In order for the United States to form a more stable and perfect union, to establish justice, and to make a stronger government for the people and by the people a constitution is needed. This Constitution will make the courts better for all states, to have good living conditions, promote general welfare, and for us to have freedom along with all the next generations. All three branches of government will be directly responsible and obligated to carry out and serve the Will of the People (Bradburn 4-5). Article I – The Legislative Branch
All legislative Powers herein granted shall be vested in a Congress of the United States, which shall consist of a Senate and House of Representatives. (The Constitution)
All legislative powers shall be bested in a Congress of the United States, which shall be composed of a Senate, a House of Representatives, and a House of the Common People (Vidal 47-48).
The House of Representatives shall be composed of members chosen every second year by the People of the several States, and the electors in each State shall have the qualifications requisite for Electors of the most numerous branch of the State Legislature. To qualify for this position one must be an American Citizen for at least 10 years and must be a graduate from High School. Section 3
The Senate should be composed of one representative per State. Chosen by the people every four years prior to the president’s election. The Members of the Senate are obligated to accept and engage in only the bill proposals that originate from the House of the Common People, and will be responsible for developing and crafting these legislative proposals to be effective, efficient laws when and if signed into law by the President. Section 4
Time and place of holding elections for Senator and the House of Representatives should be prescribed in each State and can be altered by the Congress at any time. Section 5
Each Member of all three Houses of Congress will take an oath swearing allegiance to their duties and responsibilities in Congress above and beyond any political party obligations, and if and when this oath is violated, each House can hold a full floor vote to oust that Member who violated this oath, and that Seat in that House will remain vacant until the next Election.
Any Bill emerging from any Chamber of the Legislative Branch with a majority floor vote will be then voted on by the other two chambers, and each of these chambers will be permitted to add amendments through majority votes, and then the Chamber of Origin will then debate and further amend the Bill, before going forward to a full vote in each Chamber. A Bill that passes through all three Chambers of the Legislative Branch will then be presented to the five Executives for approval or disapproval, but only a unanimous disapproval can result in a Veto. In the event of a Veto by the Executive Branch, the Legislative Branch can override this Veto only if having two thirds in each Chamber.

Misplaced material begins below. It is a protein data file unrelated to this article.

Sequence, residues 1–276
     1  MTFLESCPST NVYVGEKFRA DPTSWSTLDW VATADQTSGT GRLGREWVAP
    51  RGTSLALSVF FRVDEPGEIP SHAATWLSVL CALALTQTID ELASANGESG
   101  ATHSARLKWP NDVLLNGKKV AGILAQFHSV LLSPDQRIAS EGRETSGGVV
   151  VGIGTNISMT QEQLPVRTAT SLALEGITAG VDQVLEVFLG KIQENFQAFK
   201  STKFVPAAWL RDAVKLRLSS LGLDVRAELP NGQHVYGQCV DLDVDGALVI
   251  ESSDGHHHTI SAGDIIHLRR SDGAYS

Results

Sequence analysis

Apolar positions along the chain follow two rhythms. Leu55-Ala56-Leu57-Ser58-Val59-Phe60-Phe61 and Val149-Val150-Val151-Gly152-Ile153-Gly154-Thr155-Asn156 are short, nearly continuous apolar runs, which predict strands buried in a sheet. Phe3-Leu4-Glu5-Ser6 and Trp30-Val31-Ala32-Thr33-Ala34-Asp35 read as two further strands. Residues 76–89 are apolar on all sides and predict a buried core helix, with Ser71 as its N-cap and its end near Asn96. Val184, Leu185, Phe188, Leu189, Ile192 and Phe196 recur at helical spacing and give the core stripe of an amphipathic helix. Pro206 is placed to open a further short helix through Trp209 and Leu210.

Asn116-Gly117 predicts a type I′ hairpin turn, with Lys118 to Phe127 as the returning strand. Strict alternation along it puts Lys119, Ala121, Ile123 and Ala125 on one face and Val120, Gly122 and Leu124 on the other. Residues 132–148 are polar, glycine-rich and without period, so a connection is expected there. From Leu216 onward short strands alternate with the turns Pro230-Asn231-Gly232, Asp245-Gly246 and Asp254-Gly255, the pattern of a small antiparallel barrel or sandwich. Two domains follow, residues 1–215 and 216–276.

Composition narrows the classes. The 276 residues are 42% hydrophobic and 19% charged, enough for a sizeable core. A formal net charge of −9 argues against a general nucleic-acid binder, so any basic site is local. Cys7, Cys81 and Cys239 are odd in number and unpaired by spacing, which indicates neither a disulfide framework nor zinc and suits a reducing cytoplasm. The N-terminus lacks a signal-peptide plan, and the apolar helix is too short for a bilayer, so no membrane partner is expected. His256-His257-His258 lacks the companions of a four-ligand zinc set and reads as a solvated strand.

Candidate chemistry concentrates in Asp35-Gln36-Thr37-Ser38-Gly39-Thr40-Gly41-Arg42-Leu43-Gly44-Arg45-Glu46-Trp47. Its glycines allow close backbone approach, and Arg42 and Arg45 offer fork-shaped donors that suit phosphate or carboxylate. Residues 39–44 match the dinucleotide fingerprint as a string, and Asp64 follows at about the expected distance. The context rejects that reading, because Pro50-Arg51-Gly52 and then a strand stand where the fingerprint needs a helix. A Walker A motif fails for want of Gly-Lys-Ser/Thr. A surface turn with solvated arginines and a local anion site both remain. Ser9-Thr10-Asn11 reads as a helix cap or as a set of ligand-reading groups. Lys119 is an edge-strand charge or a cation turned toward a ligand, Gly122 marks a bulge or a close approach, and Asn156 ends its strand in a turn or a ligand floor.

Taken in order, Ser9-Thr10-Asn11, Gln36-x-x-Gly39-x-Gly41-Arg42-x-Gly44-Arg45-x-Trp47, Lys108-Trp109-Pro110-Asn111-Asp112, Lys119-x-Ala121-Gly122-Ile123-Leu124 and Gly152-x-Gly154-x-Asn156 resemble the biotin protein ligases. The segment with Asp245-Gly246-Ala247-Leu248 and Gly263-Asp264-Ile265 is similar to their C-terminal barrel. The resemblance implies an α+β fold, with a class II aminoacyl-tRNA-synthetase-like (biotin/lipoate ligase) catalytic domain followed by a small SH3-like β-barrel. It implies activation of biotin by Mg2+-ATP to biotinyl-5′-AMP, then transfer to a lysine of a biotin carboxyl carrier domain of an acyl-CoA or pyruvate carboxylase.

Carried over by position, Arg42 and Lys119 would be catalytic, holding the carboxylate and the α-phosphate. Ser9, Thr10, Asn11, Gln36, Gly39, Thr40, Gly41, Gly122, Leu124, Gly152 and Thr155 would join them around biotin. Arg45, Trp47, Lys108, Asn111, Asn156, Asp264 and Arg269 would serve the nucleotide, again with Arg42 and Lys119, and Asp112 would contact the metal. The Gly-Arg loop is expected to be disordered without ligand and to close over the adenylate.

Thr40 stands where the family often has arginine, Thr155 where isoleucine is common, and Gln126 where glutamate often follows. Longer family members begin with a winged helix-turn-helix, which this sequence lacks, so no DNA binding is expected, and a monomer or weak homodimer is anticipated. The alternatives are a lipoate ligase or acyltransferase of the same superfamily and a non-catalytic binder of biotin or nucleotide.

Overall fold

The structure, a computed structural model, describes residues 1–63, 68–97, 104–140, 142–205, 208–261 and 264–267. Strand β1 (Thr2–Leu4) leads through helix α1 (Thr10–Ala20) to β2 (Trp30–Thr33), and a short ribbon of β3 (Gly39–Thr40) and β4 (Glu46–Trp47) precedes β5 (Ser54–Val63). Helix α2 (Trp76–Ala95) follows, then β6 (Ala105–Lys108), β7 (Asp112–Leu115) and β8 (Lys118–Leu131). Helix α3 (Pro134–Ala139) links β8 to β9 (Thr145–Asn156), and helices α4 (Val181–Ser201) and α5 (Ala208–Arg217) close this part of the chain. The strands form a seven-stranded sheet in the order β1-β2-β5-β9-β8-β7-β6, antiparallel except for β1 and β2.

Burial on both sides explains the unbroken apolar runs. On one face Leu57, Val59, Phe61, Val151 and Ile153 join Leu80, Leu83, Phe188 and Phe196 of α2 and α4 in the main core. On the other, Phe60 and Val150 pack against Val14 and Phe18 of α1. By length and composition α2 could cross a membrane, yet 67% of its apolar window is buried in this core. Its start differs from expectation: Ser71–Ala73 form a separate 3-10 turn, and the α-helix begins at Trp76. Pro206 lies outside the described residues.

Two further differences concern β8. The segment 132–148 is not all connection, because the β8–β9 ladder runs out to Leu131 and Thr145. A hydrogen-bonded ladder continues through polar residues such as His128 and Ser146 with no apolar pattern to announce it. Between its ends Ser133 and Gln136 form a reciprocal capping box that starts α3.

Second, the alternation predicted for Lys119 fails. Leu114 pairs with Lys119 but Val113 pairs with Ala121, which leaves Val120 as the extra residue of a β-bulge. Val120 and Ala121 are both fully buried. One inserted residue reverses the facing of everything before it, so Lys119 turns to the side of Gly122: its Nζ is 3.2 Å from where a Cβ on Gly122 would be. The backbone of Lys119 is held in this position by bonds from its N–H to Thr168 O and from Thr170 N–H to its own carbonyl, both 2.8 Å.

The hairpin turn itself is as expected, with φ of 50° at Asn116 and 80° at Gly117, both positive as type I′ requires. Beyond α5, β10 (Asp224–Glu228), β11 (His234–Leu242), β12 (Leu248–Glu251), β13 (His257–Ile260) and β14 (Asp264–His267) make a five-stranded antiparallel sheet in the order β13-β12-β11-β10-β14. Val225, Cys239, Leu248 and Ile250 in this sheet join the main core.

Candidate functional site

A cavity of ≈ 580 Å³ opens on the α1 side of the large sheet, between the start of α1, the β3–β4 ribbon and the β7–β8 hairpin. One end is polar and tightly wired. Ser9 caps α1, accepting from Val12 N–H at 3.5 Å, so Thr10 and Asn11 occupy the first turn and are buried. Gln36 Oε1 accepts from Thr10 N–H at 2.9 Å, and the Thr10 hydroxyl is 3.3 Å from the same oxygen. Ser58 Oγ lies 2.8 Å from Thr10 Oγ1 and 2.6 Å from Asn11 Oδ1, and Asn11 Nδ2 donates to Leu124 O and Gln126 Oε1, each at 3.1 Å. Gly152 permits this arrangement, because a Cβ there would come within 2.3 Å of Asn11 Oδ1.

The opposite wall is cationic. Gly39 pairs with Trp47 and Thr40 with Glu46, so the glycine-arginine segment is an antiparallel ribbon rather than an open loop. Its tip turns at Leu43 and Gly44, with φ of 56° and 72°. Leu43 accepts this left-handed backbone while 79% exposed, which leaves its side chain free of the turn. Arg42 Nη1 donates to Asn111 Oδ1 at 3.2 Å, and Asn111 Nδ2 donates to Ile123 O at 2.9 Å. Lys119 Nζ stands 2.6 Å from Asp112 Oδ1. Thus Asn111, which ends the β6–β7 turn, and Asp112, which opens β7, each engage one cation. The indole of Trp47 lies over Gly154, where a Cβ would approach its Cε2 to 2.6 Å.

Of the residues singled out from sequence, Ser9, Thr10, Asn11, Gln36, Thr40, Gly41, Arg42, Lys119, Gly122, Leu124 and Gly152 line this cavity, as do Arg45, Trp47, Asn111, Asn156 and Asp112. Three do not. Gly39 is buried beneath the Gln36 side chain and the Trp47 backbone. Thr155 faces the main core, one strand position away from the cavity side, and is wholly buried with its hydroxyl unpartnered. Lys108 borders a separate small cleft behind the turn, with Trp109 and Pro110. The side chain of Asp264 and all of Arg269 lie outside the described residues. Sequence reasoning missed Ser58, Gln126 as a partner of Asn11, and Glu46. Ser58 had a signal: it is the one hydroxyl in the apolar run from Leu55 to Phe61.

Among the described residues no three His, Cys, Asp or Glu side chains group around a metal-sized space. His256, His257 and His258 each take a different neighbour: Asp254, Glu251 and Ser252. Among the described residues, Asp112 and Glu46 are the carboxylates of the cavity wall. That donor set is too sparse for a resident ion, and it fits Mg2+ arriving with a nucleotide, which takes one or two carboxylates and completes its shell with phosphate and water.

Article II – The Executive Branch
The executive branch will be composed of six Executives responsible for six different regions of the United States of America elected every five years that will all be supervised by one Head Executive who is selected every 10 years by the Congress. Every person who will be an Executive must be unattached, unaffiliated, and unassociated with any political party or political organization at the time of his or her election Section 2
To be qualifies as the Head Executive one must be a natural born citizen at least forty years of age with a Master’s Degree or Doctorate Degree in Political Science or Economics in order to ensure the highest level of knowledge and clarity.
To be qualifies as Executives for a region, one must be a natural born citizen at least thirty two years of age with a Master’s Degree in Political Science to ensure they are at the desirable level of wisdom....
Cited: Vidal, Gore. Inventing a Nation: Washington, Adams, and Jefferson. New Haven, CN:
Yale University Press. 2003.
Bradburn, Douglas. The Citizenship Revolution: Politics and the Creation of the
American Union, 1774-1804. Charlottesville: University of Virginia Press.
The Constitution of the United States. From Edward G. Greenberg’s and Benjamin I.
Page’s The Struggle for Democracy. Tenth ed. Boston: Longman. 2011.
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